Asthma has no cure. Even when you feel fine, you still have the disease and it can flare up at any time.

However, with today's knowledge and treatments, most people who have asthma are able to manage the disease. They have few, if any, symptoms. They can live normal, active lives and sleep through the night without interruption from asthma.

If you have asthma, you can take an active role in managing the disease. For successful, thorough, and ongoing treatment, build strong partnerships with your doctor and other health care providers.

Causes Of Asthma


No one really knows what causes asthma. What we do know is that asthma is a chronic inflammatory disease of the airways. The causes of asthma symptoms can vary for different people. Still, one thing is consistent with asthma: when airways come into contact with an asthma trigger, the airways become inflamed, narrow, and fill with mucus.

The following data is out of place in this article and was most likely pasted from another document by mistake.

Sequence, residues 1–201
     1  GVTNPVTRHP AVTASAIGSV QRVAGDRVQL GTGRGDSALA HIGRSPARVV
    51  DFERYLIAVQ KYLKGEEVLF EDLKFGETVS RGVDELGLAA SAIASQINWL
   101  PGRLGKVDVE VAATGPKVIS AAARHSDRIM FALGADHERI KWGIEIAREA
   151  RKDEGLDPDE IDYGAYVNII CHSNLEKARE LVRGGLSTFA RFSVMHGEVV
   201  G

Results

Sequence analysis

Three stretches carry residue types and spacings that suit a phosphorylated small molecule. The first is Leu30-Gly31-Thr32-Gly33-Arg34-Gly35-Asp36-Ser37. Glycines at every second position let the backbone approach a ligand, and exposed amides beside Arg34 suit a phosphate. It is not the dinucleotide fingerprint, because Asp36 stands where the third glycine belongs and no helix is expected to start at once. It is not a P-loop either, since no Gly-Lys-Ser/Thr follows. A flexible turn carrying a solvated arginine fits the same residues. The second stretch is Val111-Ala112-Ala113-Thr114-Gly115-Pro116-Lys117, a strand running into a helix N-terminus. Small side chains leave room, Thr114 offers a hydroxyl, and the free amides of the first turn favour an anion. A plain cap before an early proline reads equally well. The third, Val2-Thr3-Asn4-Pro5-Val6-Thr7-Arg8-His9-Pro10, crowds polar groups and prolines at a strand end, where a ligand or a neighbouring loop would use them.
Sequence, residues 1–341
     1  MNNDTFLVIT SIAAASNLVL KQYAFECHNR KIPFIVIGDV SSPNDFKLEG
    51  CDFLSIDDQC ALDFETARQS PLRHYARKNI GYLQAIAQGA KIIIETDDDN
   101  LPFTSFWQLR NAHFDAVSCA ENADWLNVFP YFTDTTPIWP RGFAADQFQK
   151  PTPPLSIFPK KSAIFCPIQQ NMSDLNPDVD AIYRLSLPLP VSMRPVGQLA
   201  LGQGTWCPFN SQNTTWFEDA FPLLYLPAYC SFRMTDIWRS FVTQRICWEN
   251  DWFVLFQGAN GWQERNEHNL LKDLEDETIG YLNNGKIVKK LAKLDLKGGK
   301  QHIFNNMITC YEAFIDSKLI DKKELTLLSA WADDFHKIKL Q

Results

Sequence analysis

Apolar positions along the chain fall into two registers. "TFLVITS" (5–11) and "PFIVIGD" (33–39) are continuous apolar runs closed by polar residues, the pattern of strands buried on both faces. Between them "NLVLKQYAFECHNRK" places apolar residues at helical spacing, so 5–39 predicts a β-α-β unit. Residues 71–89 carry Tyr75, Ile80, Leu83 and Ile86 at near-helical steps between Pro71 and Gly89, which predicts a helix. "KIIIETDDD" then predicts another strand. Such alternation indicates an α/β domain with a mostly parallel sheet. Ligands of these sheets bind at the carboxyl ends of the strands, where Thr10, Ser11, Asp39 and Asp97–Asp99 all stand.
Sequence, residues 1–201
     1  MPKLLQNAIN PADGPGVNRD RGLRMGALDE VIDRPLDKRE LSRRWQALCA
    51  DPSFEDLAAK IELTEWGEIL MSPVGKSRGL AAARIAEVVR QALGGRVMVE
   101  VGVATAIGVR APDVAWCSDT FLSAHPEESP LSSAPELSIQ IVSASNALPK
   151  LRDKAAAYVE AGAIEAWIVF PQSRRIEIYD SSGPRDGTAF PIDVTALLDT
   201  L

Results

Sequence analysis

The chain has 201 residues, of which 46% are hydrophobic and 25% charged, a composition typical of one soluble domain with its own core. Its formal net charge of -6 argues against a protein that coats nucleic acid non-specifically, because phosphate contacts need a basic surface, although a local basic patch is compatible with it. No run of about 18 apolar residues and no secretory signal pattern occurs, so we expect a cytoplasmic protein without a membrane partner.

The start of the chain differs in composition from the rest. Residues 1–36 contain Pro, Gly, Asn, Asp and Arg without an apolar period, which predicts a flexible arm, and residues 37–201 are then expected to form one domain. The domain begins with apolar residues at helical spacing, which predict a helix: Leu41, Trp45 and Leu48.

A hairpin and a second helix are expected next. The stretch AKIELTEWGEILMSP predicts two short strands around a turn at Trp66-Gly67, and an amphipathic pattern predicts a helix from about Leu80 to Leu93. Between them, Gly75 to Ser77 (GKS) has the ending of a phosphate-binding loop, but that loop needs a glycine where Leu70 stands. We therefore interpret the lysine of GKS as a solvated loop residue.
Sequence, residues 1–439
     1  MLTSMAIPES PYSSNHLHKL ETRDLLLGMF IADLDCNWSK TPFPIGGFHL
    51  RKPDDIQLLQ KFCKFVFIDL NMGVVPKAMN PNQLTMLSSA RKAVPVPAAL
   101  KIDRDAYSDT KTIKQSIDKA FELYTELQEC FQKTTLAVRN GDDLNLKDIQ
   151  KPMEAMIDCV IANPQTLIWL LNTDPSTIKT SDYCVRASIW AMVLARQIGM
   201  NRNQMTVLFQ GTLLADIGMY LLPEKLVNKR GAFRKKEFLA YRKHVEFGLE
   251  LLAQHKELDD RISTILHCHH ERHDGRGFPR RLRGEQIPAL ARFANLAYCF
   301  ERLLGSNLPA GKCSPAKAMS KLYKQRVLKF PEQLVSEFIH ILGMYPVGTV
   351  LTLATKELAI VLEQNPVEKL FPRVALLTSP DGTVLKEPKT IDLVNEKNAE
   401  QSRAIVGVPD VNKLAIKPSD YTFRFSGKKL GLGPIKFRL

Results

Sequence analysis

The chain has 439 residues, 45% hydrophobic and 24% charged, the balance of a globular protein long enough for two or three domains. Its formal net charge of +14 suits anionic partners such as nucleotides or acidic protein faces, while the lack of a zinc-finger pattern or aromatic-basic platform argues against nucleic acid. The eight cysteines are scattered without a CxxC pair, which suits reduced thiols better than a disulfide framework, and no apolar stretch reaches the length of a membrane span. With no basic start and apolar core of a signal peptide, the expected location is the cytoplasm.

Asthma Causes, Symptoms, Diagnosis, Treatment and Prevention
Causes and triggers of Asthma

Factors that are known to increase the likelihood of developing asthma include:


  • A family history of asthma or other related allergic conditions (known as 'atopic conditions'), such as eczema, food allergy or hay fever
  • Developing another atopic condition such as a food allergy
  • Having bronchiolitis as a child (a common lung infection among children)
  • Being exposed to tobacco smoke as a child, particularly if your mother smoked during pregnancy
  • Being born prematurely (especially if you needed a ventilator)